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ACEF Journal Vol 3 Issue 1 December 2012

Klocko As with most construction projects, budget was a constraint that superintendents held in high regard. The board of education members felt that it was essential for superintendents to be well versed in the financial aspects of designing a sustainable school and literally know all the answers with regard to future technologies. One trustee listed the only two prerequisites for superintendents taking on a construction project, “Knowledge of finance and the ability to create a team of partners.” Preparation. Superintendents were inadequately prepared for dealing with issues regarding sustainability. All superintendents acquired the skills necessary to undertake a green building project in a “learn as you go” manner, even if they had no background in facility management. Superintendents unanimously described an absence of university preparation regarding issues of sustainability in educational leadership courses. District planning teams that depended solely on the advice and information provided by contractors felt less empowered in decision-making. One superintendent recalled the role of the architect in retrospect, “If they know they are going to work with me, they know they carry a ton of clout. If somebody was a green building proponent, I know they could have sold me, and I could have sold the Board.” Sensemaking. Superintendents who utilized sensemaking as a decision-making strategy yielded high-quality decisions. Sensemaking gave superintendents a process to make sense out of all the information surrounding a construction project in order to fulfill their ubiquitous role as steward of the taxpayer’ investment. One superintendent described the process using a sports metaphor, “You’re the coach helping bring the right elements of the team into place.” Superintendents, who received information from expert networks, even if loosely structured, were better able to make informed decisions. As one board member related, “We have faith that they are recommending the best possible materials, the best possible plan. I just used my 40 years of tradesmanship and construction and intuition to say, ‘That looks good,’ or ‘I don’t know about that.’” A superintendent advised, “A lot of it is reaching out to the expertise that may be around you that you also trust to make those decisions.” The superintendents who utilized sensemaking and expert networks along with leadership grit were better able to actively direct the design and construction of sustainable school facilities. In most cases, they did not even realize that this was what they were doing. Sensemaking involved creating mental models that suited situational needs. Through these individually constructed models, the superintendents weighed the influences, anticipated responses, and considered preliminary assessments of the alternatives. Superintendents then revised and reworked those models once new or more reliable information became available. Educational leader. Districts that assigned the chief role to another individual aside from the superintendent saved costs by building those expenses into project budgets and allowed the superintendent to be the instructional leader. Being very clear and upfront in all communication about the priorities and the commitments of the district is essential. However, one superintendent warned, “You are the instructional leader for the school district. You can easily get into the business of managing facilities construction.” The smaller the school district, the easier it is was for superintendents to have a hand on the pulse of everything. While this responsibility is often regarded as interesting or fun by most superintendents, a more efficient model places the superintendent in charge of the vision regarding the building project, leaving the day to day oversight to others. “I was at the high school construction site every day. I was intimately involved throughout the entire project,” commented one superintendent. While this superintendent welcomed the extra responsibility, 63 Vol. 3, No. 1, 2012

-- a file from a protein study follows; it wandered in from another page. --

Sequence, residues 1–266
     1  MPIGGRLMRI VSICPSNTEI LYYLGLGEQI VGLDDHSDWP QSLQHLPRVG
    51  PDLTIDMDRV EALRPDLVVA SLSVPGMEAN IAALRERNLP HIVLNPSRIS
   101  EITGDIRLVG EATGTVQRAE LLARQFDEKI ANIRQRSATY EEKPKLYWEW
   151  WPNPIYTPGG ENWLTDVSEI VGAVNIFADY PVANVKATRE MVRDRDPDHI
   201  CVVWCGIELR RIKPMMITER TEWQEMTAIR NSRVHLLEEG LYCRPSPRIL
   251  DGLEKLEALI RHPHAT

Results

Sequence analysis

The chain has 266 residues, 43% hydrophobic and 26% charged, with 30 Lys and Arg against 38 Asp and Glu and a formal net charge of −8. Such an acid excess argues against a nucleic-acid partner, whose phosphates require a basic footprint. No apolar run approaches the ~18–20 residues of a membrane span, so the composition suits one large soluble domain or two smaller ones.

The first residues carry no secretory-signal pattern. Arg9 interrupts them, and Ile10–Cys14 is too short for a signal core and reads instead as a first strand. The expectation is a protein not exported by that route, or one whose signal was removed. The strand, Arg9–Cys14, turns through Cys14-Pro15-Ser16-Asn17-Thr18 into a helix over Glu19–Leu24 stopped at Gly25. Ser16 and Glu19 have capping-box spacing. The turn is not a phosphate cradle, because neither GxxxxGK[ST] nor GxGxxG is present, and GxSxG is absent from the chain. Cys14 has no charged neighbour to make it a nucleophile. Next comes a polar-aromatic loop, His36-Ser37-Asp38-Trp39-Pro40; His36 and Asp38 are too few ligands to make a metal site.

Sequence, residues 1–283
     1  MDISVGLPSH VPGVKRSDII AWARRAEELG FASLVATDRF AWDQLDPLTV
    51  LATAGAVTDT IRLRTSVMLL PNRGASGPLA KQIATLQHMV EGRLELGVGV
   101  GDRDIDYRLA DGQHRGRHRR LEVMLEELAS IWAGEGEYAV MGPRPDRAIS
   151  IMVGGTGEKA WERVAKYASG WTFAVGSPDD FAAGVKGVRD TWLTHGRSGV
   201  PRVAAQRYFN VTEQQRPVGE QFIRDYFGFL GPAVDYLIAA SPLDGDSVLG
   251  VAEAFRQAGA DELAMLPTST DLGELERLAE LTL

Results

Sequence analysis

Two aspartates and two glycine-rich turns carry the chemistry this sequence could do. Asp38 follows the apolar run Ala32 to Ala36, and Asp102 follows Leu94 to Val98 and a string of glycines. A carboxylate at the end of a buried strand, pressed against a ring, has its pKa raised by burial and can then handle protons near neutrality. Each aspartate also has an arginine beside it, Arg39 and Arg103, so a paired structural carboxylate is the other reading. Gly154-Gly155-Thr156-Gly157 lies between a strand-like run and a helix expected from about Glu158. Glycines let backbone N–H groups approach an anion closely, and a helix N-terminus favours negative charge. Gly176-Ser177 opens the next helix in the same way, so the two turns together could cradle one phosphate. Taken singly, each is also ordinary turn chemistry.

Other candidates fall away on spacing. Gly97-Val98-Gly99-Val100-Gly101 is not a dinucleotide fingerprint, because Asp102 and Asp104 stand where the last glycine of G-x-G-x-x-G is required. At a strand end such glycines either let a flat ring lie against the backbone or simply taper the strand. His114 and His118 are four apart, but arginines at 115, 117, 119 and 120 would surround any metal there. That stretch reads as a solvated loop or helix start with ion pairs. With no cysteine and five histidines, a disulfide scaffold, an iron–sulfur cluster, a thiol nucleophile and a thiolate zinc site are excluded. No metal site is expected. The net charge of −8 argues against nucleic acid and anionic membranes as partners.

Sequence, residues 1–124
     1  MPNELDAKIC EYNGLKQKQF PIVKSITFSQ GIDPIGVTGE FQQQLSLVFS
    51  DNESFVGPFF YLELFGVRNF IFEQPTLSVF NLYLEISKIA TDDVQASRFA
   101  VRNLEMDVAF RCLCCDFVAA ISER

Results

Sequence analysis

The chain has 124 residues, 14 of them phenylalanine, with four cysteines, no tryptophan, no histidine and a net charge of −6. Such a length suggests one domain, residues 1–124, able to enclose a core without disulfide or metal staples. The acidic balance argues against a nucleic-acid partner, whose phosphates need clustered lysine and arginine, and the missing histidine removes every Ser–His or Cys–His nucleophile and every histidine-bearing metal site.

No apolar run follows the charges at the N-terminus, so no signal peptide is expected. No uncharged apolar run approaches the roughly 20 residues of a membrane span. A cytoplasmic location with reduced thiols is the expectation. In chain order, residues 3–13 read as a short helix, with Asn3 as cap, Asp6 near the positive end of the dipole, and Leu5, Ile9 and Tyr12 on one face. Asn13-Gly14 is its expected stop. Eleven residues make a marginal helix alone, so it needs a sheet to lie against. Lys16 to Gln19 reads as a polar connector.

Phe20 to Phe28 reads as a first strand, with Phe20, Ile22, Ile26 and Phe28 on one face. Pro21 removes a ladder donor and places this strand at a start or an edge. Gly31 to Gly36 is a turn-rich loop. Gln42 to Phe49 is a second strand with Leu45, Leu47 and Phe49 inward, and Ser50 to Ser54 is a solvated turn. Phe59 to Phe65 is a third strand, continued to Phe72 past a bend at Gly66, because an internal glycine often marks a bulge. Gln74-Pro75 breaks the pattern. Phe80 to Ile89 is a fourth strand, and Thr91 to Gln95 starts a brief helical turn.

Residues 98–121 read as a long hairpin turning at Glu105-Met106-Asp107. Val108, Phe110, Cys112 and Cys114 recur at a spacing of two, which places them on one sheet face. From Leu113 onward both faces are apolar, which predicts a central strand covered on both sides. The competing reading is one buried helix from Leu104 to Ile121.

ACEF Journal Vol 3 Issue 1 December 2012
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